The Pollution Control Department posted a “red alert” for hazardous PM2.5 levels of fine dust in northern Thailand. Unsafe PM2.5 dust levels have been recorded in Mae Hong Son, Chiang Rai, Phayao and Chiang Mai.
Monitoring stations recorded levels of particulate matter (PM2.5) dust above the government’s safe threshold of 50mcg in many provinces of northern Thailand.
The Pollution Control Department gave warnings the levels were hazardous to health.
At 10 a.m. on Monday, the Pollution Control Department’s Air4Thai website reported that fine dust pollution exceeded the safety threshold in the northern provinces of; Chiang Rai, Chiang Mai, Lampang, Lamphun, Mae Hong Son, Nan, Phrae, Phayao and Tak. With levels of PM2.5 measuring between 51 to 101 micrograms per cubic meter of air.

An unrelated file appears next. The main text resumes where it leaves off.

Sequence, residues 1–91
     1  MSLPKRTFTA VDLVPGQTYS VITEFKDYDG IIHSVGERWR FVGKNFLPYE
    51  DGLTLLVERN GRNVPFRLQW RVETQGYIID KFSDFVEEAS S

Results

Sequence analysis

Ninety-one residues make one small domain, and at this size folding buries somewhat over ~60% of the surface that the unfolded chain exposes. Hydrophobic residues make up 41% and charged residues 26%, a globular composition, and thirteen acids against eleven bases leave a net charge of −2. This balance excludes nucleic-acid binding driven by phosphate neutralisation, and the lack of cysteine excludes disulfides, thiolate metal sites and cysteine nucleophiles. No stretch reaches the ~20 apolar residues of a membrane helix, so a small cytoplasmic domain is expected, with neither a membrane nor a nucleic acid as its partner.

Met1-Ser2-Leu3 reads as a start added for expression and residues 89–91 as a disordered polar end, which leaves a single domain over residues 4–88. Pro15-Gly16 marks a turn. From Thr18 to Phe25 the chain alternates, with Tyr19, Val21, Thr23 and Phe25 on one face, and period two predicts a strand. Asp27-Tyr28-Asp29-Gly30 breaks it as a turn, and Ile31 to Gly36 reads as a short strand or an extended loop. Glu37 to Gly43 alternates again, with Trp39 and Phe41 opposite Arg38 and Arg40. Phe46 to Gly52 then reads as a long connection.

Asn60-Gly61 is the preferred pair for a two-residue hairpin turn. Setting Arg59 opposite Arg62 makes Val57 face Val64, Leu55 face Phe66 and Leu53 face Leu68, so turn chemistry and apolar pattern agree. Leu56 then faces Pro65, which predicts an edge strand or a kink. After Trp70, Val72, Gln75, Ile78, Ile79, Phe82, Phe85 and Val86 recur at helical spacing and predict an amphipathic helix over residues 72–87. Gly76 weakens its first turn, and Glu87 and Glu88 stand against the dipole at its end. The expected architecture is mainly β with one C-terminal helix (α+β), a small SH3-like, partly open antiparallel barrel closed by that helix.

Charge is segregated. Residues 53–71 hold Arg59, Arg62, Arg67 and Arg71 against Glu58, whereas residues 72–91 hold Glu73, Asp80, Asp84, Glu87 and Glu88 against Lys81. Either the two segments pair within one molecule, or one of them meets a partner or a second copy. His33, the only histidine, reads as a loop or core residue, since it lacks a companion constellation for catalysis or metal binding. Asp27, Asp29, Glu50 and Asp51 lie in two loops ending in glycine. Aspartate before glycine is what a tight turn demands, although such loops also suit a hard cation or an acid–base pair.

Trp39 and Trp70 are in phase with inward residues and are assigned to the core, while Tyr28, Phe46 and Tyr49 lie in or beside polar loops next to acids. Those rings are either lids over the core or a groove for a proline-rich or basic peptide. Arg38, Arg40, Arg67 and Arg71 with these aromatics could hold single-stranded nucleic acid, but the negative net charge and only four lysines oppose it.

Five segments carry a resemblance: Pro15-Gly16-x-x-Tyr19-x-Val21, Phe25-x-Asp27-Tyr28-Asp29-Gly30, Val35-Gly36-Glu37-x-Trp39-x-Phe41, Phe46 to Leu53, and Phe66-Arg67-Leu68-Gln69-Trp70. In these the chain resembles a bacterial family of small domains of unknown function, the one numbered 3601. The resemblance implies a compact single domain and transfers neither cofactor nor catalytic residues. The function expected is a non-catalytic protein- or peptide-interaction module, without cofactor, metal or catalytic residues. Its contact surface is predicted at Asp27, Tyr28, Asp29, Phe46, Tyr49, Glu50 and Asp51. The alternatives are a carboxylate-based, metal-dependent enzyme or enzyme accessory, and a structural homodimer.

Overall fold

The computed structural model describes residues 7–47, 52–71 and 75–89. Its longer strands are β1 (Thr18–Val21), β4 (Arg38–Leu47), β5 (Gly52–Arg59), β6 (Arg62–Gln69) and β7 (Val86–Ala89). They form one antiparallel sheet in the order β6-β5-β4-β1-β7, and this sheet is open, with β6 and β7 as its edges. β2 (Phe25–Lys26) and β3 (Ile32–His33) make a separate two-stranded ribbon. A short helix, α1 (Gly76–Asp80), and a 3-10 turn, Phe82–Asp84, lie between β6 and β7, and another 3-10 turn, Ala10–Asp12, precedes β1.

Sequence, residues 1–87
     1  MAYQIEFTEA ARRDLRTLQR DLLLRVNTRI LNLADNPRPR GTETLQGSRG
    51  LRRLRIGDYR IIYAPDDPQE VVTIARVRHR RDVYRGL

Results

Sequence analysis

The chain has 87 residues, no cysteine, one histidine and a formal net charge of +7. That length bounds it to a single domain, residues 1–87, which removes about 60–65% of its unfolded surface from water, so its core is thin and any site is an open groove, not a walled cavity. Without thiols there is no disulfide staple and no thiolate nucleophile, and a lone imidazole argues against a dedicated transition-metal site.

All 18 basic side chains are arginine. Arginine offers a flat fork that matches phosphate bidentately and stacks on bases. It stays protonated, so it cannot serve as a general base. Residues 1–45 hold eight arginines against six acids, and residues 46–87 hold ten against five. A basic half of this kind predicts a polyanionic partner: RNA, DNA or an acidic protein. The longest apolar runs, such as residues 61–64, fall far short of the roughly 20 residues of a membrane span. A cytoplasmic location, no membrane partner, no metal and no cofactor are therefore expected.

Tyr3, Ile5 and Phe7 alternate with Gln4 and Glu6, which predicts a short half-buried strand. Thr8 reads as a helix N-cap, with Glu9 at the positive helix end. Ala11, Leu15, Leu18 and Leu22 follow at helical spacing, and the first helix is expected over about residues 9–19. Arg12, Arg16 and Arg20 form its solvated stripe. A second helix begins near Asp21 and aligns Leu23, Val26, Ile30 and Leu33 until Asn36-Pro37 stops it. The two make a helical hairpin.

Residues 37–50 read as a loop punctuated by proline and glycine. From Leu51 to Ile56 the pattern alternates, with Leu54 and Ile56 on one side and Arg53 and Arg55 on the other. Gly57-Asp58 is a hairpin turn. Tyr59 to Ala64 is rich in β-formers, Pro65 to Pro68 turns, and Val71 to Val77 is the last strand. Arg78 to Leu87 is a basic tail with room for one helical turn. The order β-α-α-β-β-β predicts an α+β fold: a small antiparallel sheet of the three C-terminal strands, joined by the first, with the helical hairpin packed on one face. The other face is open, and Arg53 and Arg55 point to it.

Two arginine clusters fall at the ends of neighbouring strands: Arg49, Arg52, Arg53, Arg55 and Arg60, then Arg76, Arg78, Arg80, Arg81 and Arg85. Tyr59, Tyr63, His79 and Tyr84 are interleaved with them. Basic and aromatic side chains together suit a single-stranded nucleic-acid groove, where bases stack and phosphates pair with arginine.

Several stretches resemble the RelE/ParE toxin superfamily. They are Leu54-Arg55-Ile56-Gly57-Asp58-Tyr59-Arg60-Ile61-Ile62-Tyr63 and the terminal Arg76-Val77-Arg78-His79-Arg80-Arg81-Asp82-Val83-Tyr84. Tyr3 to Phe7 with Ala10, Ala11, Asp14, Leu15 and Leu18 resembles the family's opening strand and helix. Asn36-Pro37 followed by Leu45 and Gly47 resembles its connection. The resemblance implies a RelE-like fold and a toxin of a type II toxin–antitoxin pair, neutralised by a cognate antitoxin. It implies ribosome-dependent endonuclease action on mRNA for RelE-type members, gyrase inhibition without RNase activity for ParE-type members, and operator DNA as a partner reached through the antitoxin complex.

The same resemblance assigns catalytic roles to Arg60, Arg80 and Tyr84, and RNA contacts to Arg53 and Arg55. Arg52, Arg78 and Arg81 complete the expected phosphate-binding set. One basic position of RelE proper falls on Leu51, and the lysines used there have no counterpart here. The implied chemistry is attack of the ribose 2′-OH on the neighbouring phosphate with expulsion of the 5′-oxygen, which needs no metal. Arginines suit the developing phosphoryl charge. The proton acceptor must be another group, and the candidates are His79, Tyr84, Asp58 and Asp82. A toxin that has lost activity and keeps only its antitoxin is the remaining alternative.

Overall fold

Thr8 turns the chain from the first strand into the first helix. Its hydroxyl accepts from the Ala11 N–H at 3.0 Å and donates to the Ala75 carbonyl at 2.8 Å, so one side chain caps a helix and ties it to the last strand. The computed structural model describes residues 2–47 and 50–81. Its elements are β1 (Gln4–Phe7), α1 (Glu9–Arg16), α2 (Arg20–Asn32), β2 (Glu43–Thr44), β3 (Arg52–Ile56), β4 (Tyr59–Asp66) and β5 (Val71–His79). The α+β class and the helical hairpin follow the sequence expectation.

Meanwhile, the Meteorological Department has also forecast temperatures to drop in from Monday through Thursday. The northeastern region will see the mercury down 4-6°C. While people in the northern, central and eastern regions can look for a drop of 3°C.
Pollution Control says the problem of forest fires and smog caused by outdoor burning still persists.
People have been asked to refrain from burning, in both open and forest areas in northern Thailand. Those who spot forest fires caused by outdoor burning can help report the situation via the hotline 1362.
Haze, smog, smoke, dust: at this time of year — every year — the local and international media becomes full of concerned articles on northern Thailand’s air quality. The government also pretends to be concerned and claims to be doing something about it.
We’re not certain — and indeed doubt — if this year’s statistics are worse than previous year’s. But it is certain that come the dry season the sky up in these parts can get pretty opaque.